Lubbock voters reject attempt to end arrests for possessing small amounts of marijuana

Watch party attendees sign a flag in support of Proposition A on May 4, 2024. (Trace Thomas For The Texas Tribune, Trace Thomas For The Texas Tribune)

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LUBBOCK — The green wave some Lubbock residents hoped for didn’t materialize Saturday as voters rejected Proposition A, which would have decriminalized small amounts of marijuana in the city. Nearly 65% of voters rejected the proposal.

The ordinance would have instructed Lubbock police to stop arresting adults for possession of marijuana if they have four ounces or less.

Adam Hernandez, spokesperson for Lubbock Compact, the organization behind the decriminalization efforts, said low voter turnout hurt the proposition.

“We worked hard on it, we had a lot of volunteers,” Hernandez said. “We just weren’t able to get the voter turnout high enough.”

When asked if they will revisit the issue in the future, he said, “Before anything else can move forward, we’re going to have to focus on voter education and voter turnout.”

The movement to end some low-level pot arrests was started by Lubbock Compact, a local advocacy group. When the proposal was unanimously rejected by the City Council, it kicked off a grassroots campaign to get the issue on the ballot for voters to decide.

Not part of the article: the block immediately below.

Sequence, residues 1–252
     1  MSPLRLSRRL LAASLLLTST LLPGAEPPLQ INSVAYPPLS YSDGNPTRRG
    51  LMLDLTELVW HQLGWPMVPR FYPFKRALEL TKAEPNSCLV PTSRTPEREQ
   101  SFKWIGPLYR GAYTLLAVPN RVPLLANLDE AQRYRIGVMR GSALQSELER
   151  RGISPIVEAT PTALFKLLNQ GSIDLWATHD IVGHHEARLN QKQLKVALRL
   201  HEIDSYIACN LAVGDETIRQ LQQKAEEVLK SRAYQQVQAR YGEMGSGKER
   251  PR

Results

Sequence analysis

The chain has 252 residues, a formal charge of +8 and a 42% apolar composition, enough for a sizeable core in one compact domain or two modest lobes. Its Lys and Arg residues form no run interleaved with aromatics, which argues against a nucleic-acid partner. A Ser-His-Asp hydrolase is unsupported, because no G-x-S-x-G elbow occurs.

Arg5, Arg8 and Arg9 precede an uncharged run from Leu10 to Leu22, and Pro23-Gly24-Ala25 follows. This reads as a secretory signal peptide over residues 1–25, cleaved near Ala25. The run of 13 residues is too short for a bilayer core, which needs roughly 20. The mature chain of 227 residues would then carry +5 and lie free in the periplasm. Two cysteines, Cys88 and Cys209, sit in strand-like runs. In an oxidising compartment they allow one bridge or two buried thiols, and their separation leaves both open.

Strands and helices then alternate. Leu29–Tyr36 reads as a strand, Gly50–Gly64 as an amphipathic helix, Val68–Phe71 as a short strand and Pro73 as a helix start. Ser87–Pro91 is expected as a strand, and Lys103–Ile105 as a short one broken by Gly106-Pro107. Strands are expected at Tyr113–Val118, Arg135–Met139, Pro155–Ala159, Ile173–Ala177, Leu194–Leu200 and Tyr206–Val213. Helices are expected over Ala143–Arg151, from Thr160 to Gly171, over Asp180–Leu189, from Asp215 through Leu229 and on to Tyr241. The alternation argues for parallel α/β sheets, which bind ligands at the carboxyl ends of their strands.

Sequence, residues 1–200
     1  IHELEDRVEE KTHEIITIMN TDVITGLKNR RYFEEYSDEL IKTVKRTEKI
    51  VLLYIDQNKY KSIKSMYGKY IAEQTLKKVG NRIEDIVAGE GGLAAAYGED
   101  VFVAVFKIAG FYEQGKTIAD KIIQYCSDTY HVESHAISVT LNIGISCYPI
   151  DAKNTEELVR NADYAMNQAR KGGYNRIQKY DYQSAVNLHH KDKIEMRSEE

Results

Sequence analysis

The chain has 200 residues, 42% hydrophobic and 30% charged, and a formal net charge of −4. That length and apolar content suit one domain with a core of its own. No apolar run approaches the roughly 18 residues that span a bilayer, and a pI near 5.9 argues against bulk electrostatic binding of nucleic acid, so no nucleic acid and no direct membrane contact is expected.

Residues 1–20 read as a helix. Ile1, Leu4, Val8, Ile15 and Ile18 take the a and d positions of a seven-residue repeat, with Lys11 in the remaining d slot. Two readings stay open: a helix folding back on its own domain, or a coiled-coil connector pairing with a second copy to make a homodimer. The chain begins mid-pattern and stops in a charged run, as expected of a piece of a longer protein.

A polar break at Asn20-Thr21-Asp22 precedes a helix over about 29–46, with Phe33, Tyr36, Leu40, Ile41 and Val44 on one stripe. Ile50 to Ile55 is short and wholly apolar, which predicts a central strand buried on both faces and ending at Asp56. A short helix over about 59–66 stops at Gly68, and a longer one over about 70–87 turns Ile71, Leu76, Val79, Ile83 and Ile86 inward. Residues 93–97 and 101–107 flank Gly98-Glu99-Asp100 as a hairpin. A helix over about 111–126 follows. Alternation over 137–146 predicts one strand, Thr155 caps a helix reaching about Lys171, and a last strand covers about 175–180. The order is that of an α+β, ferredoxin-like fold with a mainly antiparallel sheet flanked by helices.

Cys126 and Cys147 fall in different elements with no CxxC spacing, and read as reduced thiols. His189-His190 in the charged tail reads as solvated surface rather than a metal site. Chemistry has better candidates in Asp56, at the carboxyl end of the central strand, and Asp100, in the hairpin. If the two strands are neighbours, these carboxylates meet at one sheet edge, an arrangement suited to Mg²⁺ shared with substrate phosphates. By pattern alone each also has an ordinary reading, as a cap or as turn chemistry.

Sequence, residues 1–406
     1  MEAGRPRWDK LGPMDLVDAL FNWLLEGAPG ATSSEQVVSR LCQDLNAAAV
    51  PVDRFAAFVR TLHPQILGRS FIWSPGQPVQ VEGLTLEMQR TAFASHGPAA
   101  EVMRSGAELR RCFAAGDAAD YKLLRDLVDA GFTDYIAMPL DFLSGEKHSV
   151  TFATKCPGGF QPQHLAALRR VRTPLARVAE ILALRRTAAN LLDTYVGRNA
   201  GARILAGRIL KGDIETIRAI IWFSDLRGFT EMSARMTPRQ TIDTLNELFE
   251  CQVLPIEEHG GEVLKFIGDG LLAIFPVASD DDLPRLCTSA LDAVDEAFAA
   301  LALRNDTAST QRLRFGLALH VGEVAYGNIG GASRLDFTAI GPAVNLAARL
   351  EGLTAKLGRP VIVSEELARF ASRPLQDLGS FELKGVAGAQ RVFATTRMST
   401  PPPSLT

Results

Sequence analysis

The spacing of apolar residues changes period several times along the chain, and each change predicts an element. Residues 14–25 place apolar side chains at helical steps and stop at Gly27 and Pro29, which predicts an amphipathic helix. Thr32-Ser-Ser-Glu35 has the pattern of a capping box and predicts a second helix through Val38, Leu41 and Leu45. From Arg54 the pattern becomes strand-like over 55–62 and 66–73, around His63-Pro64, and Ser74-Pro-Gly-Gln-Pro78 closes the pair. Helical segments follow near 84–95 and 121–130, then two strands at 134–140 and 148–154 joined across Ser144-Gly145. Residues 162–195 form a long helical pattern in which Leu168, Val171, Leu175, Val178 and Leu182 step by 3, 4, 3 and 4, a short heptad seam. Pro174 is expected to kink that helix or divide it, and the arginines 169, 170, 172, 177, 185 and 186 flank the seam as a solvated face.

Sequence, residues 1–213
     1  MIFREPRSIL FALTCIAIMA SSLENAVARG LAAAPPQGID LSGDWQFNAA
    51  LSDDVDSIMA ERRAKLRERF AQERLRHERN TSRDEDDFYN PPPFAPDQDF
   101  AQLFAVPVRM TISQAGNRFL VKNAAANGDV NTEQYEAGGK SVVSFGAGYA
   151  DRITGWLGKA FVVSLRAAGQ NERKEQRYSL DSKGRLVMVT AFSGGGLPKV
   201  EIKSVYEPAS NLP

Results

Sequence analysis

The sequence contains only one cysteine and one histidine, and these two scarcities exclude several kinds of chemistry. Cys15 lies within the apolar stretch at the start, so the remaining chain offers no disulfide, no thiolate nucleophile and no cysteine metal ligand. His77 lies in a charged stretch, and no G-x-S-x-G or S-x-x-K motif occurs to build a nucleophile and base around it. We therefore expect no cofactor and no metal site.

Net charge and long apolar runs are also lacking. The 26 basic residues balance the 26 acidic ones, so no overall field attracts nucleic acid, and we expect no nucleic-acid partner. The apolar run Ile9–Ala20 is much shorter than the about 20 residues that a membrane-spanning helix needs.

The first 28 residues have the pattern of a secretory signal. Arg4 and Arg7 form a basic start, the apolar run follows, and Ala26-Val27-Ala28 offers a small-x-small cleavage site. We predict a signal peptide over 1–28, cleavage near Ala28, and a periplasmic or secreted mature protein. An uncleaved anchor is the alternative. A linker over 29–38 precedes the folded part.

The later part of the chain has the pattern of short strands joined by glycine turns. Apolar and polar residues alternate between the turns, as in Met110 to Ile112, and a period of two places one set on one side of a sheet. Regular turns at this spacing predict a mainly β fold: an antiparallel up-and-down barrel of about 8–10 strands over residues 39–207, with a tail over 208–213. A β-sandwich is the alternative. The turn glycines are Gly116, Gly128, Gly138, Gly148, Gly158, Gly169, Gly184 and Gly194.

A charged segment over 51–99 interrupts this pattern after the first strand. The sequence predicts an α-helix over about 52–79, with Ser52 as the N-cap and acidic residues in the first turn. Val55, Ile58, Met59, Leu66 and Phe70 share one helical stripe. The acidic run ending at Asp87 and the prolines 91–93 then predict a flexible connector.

What followed was weeks of political strife. Megachurches, state leaders and law enforcement spoke out against the ballot initiative, calling it an effort to undermine public safety.

Early voting numbers showed a higher interest in this year’s elections, as 26,103 ballots were cast early, significantly more than Lubbock’s last municipal election. With Saturday’s numbers, about 35,216 people voted this year. More than 190,000 people are registered to vote in Lubbock County.

Texas has long resisted efforts to legalize recreational marijuana or lower penalties for low-level possession. Since 2015, state lawmakers have allowed medical marijuana use through the Compassionate Use Program which has about 69,000 Texans enrolled. Aside from the program, lawmakers have drawn a line in the sand when it comes to recreational marijuana use and possession in Texas.

Similar ordinances have passed by voter approval in Austin, Killeen, Denton, Elgin and San Marcos. Texas Attorney General Ken Paxton sued all five cities as a result. City leaders in Harker Heights, another city that passed a similar policy, refused to reform their enforcement guidelines.

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